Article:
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Two proteins whose complex was determined by Protein-Protein-Docking.

Proteins can roughly be considered as a chain consisting of amino acids. Each amino acid contains a functional group and the so-called rest. Such a rest of an amino acid is called side chain. The formation of a chain happens at the functional group, where two amino acids are linked together by a peptide bond. This can theoretically be performed to an arbitrary extent. The different types of amino acids are generally abbreviated by a 3-letter code. When specifying a protein, it suffices to denote its amino acid sequence.


The theoretical determination of the interactions between two proteins or a protein and a ligand respectively, roughly spoken of as their binding, is of great interest since it allows for the verification of hypotheses stated during the so-called process of drug design without being reliant on experiments in laboratory. A recurrent problem is the so-called protein-protein-docking which is defined as follows:


Given the spatial structures of two proteins A and B, which are known to form a complex AB, then the protein-protein-docking is defined as the correct prediction of the complex structure AB.


There are different approaches to the problem of protein-protein-docking. The easiest one considers proteins to be rigid structures. This approach is called rigid body docking (RBD). It is based on the lock-and-key-principle, which was proposed by Emil Fischer in 1894.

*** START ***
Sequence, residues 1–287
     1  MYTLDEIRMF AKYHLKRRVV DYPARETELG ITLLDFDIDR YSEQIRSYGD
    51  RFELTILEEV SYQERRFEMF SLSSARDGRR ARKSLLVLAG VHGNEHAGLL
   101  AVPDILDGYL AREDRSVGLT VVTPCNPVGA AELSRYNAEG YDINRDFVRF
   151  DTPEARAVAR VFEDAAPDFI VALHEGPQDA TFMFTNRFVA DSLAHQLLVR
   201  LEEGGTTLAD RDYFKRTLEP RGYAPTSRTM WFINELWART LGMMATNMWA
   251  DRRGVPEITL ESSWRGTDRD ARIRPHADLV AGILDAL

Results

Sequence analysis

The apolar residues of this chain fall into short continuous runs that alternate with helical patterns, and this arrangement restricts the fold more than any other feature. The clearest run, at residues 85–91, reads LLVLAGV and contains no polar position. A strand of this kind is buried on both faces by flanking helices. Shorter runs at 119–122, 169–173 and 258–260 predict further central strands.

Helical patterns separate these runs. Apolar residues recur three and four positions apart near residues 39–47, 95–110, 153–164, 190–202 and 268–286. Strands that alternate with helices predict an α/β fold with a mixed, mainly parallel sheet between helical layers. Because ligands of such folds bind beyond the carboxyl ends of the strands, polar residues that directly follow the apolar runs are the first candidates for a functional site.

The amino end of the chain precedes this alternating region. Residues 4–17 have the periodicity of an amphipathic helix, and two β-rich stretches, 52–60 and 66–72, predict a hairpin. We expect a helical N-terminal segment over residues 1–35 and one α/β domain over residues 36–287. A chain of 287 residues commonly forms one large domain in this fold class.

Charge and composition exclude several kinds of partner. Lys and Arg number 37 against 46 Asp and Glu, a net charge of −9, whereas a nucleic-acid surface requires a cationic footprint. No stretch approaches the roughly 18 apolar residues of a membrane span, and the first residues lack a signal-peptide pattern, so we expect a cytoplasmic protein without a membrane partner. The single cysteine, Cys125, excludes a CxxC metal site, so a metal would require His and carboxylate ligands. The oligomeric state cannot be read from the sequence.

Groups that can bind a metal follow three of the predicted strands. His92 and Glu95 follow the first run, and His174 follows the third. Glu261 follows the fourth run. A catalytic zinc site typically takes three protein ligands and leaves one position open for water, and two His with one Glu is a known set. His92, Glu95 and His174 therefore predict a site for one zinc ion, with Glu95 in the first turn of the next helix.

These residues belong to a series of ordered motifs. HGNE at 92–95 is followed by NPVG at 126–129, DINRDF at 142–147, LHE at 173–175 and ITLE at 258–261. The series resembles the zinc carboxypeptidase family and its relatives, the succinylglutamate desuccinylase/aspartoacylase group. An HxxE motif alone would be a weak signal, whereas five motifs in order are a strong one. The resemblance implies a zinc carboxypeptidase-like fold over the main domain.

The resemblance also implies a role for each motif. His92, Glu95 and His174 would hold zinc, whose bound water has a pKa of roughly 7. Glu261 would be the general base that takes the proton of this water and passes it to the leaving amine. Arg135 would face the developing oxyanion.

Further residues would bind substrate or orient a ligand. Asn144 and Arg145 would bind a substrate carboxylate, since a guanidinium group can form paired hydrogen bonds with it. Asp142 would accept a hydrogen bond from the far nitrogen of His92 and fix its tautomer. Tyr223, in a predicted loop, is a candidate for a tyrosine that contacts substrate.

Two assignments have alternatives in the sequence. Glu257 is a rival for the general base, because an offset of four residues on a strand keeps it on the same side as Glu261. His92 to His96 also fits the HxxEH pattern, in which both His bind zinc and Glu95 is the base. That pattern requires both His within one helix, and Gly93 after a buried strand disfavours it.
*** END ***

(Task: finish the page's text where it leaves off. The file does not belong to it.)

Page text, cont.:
This model treats the proteins that are to be docked, in his case an enzyme and the corresponding substrate, as rigid bodies which have to possess geometrically complementary regions. Indeed, proteins are not rigid and contain flexible side chains, but studies revealed that the backbone - the skeletal structure consisting of the functional groups linked by peptide bonds - only changes barely during the formation of the complex.


In general, the docking process does not return only one specific drug candidate but rather a large number of molecules which fulfill the mere physical preconditions to interact with the target. From the set of these candidates those molecules have to be chosen which are considered to be effective drugs. Possible problems can arise thereby that the designed drug for example is not able to reach the target, since it is exposed to a large variety of different environments and biological barriers.